Silicon Valley is also arguably more sensitive than some other industries to changing economic conditions, including rising interest rates, given the number of tech companies that depend on easy access to funding to pursue their ambitious projects before making a profit, or in some cases, even generating income.
In recent weeks, investors and industry veterans have tried to sound the alarm about the economic environment with a number of memos, tweets and other public statements. “The boom times of the past decade are unambiguously over,” venture capital firm Lightspeed, one of Snapchat’s earliest backers, said in a recent blog post. “No one can predict how bad the economy will get, but things don’t look good,” tech startup accelerator Y Combinator warned in a letter to founders, before adding, “The decision the it is safer to plan for the worst”.
While no one can predict the length or severity of the current market downturn – and most industry watchers don’t expect it to be as damaging as the tech crash of 2000 – brand new rhetoric a brutal reversal of tone for a high-flying industry. The technology sector, already dominant in our lives, only seemed to grow even more as the pandemic drove people to work, shop and socialize through a screen. The number of unicorns, or startups valued at $1 billion or more, topped 1,000 globally in February, roughly doubling from pre-pandemic levels. Access to easy money, thanks in part to low interest rates intended to support the economy, only seemed to fuel even more buzzy and energy-intensive businesses.
Then came a seemingly perfect storm: inflationary pressures, the ongoing Russian invasion of Ukraine, rising interest rates and recession warnings wreaked havoc on the stock market, and on the tech sector in particular. The S&P 500’s information technology sector is down 19% year-to-date on Wednesday, and the tech-heavy Nasdaq index is down more than 20%. In a sign of the times, Apple was knocked down last month by oil giant Saudi Aramco as the world’s most valuable company.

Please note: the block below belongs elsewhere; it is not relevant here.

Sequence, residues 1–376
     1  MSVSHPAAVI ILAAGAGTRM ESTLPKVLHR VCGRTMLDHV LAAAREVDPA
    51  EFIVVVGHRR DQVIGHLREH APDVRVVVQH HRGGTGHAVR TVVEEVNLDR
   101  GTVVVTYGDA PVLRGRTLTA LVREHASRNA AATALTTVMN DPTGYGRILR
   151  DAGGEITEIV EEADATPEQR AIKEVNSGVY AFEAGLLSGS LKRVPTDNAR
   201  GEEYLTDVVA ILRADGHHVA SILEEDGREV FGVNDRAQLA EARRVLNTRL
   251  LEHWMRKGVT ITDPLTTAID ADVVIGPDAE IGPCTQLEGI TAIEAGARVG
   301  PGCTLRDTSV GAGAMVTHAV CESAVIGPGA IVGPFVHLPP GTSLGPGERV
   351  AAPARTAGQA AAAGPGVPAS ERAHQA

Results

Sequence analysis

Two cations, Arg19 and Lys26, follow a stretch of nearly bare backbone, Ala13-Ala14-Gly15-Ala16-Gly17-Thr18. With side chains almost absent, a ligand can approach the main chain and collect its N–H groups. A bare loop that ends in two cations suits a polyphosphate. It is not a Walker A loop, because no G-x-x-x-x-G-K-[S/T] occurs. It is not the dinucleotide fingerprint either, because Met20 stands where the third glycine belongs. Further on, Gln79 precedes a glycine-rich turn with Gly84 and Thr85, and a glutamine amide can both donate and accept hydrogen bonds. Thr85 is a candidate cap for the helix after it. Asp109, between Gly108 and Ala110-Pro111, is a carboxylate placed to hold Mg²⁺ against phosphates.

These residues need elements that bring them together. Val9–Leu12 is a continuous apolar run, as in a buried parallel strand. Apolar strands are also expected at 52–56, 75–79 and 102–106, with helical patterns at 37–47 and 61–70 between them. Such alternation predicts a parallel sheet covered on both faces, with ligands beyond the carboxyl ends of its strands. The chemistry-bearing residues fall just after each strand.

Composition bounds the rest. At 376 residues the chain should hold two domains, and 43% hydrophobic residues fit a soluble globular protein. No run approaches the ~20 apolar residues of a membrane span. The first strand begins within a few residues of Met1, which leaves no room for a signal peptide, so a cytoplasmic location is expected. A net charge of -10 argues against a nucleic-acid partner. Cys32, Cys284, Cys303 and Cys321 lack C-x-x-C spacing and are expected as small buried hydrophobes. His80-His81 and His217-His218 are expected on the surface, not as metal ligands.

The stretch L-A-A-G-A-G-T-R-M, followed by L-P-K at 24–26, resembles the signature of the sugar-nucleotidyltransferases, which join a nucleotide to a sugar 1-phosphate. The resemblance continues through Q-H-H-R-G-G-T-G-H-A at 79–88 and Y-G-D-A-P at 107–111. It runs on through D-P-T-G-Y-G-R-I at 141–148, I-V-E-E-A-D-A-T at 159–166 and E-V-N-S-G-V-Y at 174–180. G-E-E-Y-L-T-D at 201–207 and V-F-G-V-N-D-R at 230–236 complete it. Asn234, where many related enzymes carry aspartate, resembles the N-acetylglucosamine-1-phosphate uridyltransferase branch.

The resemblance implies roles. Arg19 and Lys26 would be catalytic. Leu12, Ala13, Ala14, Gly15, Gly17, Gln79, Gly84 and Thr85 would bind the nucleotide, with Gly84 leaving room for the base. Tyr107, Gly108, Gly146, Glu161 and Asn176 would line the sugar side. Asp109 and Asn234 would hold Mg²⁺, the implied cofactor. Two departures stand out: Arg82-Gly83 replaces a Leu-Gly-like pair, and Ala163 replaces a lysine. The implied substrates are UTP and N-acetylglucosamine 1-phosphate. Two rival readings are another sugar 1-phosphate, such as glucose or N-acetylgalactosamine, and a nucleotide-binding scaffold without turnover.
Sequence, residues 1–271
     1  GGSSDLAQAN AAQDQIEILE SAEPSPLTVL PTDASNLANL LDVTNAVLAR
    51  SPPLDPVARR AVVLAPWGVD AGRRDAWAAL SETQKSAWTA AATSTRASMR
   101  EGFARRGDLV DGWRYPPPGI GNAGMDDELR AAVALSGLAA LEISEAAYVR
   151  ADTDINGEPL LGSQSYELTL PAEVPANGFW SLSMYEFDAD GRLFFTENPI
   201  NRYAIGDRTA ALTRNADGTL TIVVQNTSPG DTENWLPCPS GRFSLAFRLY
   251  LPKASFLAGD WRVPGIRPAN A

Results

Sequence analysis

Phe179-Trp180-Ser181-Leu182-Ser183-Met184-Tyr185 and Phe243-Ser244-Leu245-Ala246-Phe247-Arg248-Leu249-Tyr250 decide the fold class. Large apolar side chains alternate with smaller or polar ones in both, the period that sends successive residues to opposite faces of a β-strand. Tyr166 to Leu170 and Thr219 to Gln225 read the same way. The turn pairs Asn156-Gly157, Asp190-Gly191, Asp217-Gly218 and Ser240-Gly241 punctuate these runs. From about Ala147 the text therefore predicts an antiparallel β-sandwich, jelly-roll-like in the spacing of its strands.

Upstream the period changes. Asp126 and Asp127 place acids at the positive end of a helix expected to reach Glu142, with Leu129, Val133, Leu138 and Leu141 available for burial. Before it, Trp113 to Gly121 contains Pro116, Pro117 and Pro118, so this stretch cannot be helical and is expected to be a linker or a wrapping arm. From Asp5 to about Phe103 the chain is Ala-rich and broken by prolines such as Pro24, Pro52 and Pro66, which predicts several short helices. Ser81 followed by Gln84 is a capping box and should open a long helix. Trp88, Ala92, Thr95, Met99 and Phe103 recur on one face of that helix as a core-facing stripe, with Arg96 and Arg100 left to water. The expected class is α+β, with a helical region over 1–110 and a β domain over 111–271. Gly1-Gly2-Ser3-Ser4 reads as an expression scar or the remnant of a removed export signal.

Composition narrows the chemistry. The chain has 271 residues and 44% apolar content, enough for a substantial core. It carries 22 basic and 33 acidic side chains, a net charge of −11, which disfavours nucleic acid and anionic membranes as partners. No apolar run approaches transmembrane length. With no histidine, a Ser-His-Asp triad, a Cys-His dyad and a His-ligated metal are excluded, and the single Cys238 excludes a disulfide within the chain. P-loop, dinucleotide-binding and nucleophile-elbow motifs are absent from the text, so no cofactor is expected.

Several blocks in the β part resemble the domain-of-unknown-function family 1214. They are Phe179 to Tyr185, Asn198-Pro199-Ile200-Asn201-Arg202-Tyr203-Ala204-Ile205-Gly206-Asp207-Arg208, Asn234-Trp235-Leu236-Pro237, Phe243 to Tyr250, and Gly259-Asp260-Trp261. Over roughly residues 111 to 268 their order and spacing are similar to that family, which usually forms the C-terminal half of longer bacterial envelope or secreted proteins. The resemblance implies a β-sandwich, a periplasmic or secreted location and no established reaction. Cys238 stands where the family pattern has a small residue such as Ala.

There are also indications of weak spots for private tech companies, from reports of depreciating valuations to tougher fundraising. There has also been a wave of layoffs across the industry, including at trading platform Robinhood, fintech unicorn Klarna and several super-fast delivery startups.
“These corrections are always vicious and sudden, and it’s amazing how quickly all the pundits, pundits and gurus change their tune,” Vasant Dhar, a professor at the Stern School of Business at the University of New York, told CNN. York. “The market is still amnesiac.”
Dhar, who has worked in technology for decades, said he had been through several ups and downs in his career, including the dotcom bubble in 2000 and the financial crisis in 2008. But, he said. says, “It’s always the young people coming in who, as Bob Marley says, don’t know their history and get ahead of themselves. And then things turn around – and things turn around very, very suddenly.
“A major radical change”
It’s been so long since the last protracted downturn in the tech industry that some elderly Silicon Valley statesmen are using their platforms to try to remind the many tech workers who may never have worked in this environment what it looked like.
“No one can predict what’s going to happen over the next 12 months, but we haven’t seen a real tech downturn since 2000,” wrote Mike Schroepfer, who founded a startup in 2000 and then held the job. of CTO at Facebook. Twitter feed